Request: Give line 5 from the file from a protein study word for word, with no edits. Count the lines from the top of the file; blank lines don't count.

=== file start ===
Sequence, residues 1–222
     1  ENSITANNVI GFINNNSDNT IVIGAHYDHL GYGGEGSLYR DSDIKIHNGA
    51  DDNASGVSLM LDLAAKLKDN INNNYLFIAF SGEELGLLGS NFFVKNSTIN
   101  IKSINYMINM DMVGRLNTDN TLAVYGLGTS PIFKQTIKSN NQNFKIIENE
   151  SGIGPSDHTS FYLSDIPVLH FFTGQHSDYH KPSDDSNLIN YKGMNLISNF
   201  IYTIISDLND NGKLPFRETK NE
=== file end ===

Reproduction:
   151  SGIGPSDHTS FYLSDIPVLH FFTGQHSDYH KPSDDSNLIN YKGMNLISNF